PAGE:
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HISTORY EDUCATION IS IN DECLINE because it fails to provide knowledge useful in the future as other school subjects do.Â This book calls on history educators to take charge of history education and restore the power of historical learning.Â
Â Â Â Education exists to impart knowledge useful in the future.Â School subjects other than history provide knowledge useful in the future by identifying general principles derived from their subject matter that describe how the world works, principles such as addition and subtraction in mathematics, punctuation and grammarÂ in language, and photosynthesis and gravity in science. These disciplines pass on their general principles to teachers who pass on this knowledge to students.
Â Â Â Historians, however, concentrate on describing events of the past rather than identifying principles useful in theÂ future. Without general principles to impart, history teachers are left to recount one-time events of the past, most of which have little orÂ no relevance to the lives students will live in the present and future.
Â Â Â Without principles useful in the future, history isÂ unable to fulfill the purpose of education the way other school subjects do; society has no practical means to learn from the past; and the cycle of historical ignorance can perpetuate indefinitely. As Santayana said, "Those who cannot remember the past are condemned to repeat it."
Â Â Â Â Educators commonly try to compensate for history's lack of subject-matter knowledge useful in the future by emphasizing skills knowledge instead: critical thinking skills or the job skills of professional historians. Other school subjects also have their critical thinking skills and professional practices, but in these other disciplines general principles constitute the foundation of learning because knowledge of how the world works is a necessary prerequisite to critical thinking. In history education that necessary foundation is missing.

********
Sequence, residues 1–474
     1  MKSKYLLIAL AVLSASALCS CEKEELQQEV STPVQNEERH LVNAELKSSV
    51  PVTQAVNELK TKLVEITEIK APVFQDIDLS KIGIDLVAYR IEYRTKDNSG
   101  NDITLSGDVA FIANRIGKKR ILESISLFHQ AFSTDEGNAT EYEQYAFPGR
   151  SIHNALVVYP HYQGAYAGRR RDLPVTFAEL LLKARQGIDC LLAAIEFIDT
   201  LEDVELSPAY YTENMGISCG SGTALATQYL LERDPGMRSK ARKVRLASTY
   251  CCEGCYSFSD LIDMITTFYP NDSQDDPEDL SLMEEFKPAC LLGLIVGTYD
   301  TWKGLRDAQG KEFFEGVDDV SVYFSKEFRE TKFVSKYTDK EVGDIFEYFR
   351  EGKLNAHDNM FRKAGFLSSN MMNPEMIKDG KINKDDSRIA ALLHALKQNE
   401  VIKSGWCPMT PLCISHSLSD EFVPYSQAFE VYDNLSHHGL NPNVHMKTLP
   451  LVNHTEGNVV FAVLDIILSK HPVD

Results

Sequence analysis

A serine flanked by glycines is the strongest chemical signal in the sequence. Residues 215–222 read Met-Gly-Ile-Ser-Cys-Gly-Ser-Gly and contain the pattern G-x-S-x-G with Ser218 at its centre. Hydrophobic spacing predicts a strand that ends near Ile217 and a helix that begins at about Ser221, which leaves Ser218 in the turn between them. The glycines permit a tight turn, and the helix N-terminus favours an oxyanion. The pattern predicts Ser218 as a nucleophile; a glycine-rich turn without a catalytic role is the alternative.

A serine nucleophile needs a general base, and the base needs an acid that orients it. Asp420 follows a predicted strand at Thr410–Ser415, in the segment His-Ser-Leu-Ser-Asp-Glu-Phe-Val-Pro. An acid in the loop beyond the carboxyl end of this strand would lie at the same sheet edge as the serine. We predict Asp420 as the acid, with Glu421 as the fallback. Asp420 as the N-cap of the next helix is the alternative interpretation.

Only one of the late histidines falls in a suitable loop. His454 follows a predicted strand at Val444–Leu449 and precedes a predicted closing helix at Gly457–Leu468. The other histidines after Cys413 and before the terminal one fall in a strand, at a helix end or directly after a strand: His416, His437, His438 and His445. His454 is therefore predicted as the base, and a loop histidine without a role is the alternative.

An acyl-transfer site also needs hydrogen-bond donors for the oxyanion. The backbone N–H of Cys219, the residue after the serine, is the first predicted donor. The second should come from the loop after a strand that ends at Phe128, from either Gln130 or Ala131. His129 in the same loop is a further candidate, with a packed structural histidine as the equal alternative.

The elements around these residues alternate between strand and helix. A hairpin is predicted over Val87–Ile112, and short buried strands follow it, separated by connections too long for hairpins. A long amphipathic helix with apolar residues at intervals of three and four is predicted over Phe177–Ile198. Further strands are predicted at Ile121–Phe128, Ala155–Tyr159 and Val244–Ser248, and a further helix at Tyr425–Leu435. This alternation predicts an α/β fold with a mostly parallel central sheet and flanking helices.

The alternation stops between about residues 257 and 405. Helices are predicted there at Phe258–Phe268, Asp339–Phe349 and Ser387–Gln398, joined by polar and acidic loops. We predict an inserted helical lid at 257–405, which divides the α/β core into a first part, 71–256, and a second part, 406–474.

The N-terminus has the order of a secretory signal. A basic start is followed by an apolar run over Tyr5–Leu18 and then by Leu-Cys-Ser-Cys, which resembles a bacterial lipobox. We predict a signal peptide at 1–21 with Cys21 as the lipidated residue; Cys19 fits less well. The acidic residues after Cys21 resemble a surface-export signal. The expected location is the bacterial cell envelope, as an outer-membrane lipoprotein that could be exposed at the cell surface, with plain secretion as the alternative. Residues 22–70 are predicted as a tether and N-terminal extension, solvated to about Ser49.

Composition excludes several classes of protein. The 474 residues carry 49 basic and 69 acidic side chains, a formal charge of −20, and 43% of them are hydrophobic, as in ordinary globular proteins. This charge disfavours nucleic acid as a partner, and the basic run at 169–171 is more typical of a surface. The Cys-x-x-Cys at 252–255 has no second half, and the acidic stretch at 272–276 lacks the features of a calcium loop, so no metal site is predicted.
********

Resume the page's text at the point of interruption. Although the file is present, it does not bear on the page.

Â Â Â The truth is, history has been supplying humans with useful principles of knowledge for at least 2,400 years, since the time of Thucydides in Greece and Sun Tzu in China. In earlier times, history could involve more than the act of describing past events; it could involve the ambition to derive from events principles useful in the future, an ambition that the history profession has largely abandoned. This loss deprivesÂ historical learning of the powerÂ possessed by other intellectual disciplines.
Â Â Â The historical record can be a source for several more kinds of knowledge that are also relevant to the future.Â If historians wish to concentrate on the role of describing events of the past, that's their business. Then the task of providing knowledge useful in the future falls to history educators, because that'sÂ theirÂ business.Â
Former journalist and history teacherÂ Mike MaxwellÂ undertook a seven-year investigation to discover how history education could be made more useful to students andÂ society. The result isÂ future-focused history, theÂ commonsenseÂ idea that knowledge from the past can inform judgment in the future.
Â FUNDAMENTALS OFÂ FUTURE-FOCUSED HISTORY TEACHINGÂ INCLUDEÂ
- Â Five basic principles of history education,Â
- Â A coherent and useful purpose to guide instruction,Â
- Â Four kinds of historical knowledge relevant to the future,Â
- Â Criteria for weighing the importance of historical events,Â
- Â Four essential cognitive learning strategies. Â Â
Â Â Â Â Maxwell believes thatÂ Future-Focused History TeachingÂ has the potential to restore to historical learning the power that it once held but has since lost; to return history to its rightful place of prominence among the fundamental realms of knowledge taught in school and college; and to provide important knowledge of how the world works that can help students and society to function effectively in the future.
Â Â Â For more information, click "Look Inside."